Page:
Was reading this book in French and not a translation, got to page 70 and couldn't take it anymore. It is too effing repetitive, the author just labors on and on and on and on, on unnecessary and redundant details; so much so that you feel as if he got his money per the number of pages he wrote. Trust me, the feeling that you get that the author is just wasting words is not because of the translation {if you are reading a translated version}, but is the essence of the work {in its original langu...more
Grady Ormsby
Desert by French-Mauritian writer J.M.G LeClezio is a dual narrative told in alternating chapters. Set in 1909 the first story is of Nour, a young Taureg man, who joins his fellow tribesmen, the Blue Men, as they are forced by French colonial invaders to flee across the desert from their traditional land. They follow Ma al-Ainne, their political and religious leader in a vain search for a land in which they can again be free. It’s a harsh reminder of the greed, cruelty and contempt of colonial...more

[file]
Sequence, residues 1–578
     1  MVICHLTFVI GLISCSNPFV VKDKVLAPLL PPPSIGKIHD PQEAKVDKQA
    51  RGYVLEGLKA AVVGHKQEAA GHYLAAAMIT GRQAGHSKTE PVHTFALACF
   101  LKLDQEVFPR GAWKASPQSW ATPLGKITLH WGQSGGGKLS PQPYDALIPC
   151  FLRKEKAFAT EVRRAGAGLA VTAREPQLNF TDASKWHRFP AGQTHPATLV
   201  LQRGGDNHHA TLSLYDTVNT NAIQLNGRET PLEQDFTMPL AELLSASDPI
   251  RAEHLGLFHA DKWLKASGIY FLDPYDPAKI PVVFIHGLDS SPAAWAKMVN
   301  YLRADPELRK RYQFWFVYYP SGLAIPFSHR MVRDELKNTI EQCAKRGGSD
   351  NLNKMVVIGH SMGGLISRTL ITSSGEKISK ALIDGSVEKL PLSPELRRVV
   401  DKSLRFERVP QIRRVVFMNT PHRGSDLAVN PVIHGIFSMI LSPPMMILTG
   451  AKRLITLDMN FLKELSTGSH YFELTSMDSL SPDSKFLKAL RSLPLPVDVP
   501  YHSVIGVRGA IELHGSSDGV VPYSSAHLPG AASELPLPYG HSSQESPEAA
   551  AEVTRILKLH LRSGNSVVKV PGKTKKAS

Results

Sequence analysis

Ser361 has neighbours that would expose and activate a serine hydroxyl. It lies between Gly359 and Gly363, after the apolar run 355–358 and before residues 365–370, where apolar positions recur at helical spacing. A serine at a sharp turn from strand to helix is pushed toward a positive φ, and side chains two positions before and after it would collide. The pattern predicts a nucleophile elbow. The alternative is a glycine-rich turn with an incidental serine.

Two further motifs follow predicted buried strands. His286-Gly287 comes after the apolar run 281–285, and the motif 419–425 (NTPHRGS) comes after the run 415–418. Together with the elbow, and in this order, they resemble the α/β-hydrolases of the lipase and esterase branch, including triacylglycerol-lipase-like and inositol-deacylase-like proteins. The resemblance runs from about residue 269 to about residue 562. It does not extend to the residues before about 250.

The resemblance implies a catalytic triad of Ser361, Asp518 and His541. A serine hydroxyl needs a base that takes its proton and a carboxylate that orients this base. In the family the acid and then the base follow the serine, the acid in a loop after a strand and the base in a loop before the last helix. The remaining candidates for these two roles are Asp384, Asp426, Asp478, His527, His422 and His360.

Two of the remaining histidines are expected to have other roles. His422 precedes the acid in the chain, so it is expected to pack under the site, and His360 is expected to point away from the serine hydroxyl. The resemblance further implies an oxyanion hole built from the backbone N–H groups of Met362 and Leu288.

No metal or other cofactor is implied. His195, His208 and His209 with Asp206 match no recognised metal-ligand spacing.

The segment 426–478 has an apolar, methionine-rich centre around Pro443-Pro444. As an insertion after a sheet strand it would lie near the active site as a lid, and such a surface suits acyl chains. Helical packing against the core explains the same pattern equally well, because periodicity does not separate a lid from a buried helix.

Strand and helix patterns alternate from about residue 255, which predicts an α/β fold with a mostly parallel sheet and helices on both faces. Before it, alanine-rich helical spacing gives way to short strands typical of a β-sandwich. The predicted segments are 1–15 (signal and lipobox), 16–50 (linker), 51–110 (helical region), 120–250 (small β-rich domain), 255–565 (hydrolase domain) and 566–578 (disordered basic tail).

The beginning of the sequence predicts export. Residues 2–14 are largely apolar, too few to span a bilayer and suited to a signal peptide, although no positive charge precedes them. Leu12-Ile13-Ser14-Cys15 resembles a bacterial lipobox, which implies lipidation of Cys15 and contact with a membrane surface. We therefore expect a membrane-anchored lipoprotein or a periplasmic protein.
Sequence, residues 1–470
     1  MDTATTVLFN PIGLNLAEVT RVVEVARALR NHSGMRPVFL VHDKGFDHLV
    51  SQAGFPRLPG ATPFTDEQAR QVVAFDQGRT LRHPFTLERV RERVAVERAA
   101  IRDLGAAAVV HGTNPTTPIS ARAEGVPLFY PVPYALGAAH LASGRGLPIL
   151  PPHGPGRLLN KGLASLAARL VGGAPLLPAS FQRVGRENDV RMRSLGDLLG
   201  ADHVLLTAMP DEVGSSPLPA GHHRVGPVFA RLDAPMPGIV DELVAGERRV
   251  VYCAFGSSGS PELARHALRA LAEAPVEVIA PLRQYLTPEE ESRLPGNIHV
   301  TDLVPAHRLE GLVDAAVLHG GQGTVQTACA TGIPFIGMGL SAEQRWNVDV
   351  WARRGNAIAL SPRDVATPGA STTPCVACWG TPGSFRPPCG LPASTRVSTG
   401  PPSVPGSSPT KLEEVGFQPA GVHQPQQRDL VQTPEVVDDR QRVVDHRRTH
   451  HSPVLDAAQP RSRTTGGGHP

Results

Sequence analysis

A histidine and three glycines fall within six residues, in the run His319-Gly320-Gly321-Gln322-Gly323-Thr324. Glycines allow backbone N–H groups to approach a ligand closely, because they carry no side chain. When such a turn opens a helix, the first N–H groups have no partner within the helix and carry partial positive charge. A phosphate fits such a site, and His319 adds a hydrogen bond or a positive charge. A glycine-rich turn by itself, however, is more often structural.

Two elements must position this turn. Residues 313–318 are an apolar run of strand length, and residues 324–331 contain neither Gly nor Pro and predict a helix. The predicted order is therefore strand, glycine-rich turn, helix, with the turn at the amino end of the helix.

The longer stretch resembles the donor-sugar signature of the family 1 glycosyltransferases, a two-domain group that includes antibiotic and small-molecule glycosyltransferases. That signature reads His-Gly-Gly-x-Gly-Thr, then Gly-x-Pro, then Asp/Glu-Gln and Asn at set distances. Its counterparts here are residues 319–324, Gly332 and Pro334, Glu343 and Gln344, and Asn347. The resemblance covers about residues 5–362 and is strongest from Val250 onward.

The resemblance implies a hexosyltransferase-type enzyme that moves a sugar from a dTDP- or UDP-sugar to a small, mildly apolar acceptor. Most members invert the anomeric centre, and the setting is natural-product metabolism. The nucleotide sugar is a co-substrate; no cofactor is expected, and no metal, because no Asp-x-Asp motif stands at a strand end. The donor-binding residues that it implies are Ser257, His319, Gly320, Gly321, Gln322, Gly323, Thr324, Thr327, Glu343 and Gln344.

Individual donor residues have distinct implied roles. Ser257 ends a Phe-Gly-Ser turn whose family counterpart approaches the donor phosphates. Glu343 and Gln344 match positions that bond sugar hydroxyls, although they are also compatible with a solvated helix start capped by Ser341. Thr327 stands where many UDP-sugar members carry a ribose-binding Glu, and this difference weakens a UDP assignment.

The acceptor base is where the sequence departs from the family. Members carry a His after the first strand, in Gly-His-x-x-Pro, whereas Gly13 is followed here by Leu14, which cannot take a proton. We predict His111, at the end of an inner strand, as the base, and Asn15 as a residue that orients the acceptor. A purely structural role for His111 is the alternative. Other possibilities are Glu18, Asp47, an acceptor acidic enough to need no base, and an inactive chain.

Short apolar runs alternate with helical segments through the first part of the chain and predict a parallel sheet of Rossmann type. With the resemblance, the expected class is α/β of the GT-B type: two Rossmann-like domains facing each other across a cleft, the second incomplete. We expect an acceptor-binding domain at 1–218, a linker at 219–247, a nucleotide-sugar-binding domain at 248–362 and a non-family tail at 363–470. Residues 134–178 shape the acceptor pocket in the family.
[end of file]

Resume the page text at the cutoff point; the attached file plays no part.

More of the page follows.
Igor
Hace mucho, mucho tiempo, que no leía algo que tuviera un manejo de lenguaje tan potente y estremecedor como lo que escribe JMG Le Clézio. Sin demasiados problemas, uno puede respirar la atmósfera, sentir, vivir el desierto en cada página, las angustias de los personajes. Sensaciones arenosas garantizadas -en el mejor de los sentidos-.
Aaron Cance
A handsomely written, sprawling epic that chronicles the slow death of a North African culture. Le Clézio's prose reminded me, a great deal of that of Gabriel Garcia Marquez, i.e. you won't rip through it quickly, but why would you want to when the journey is this moving.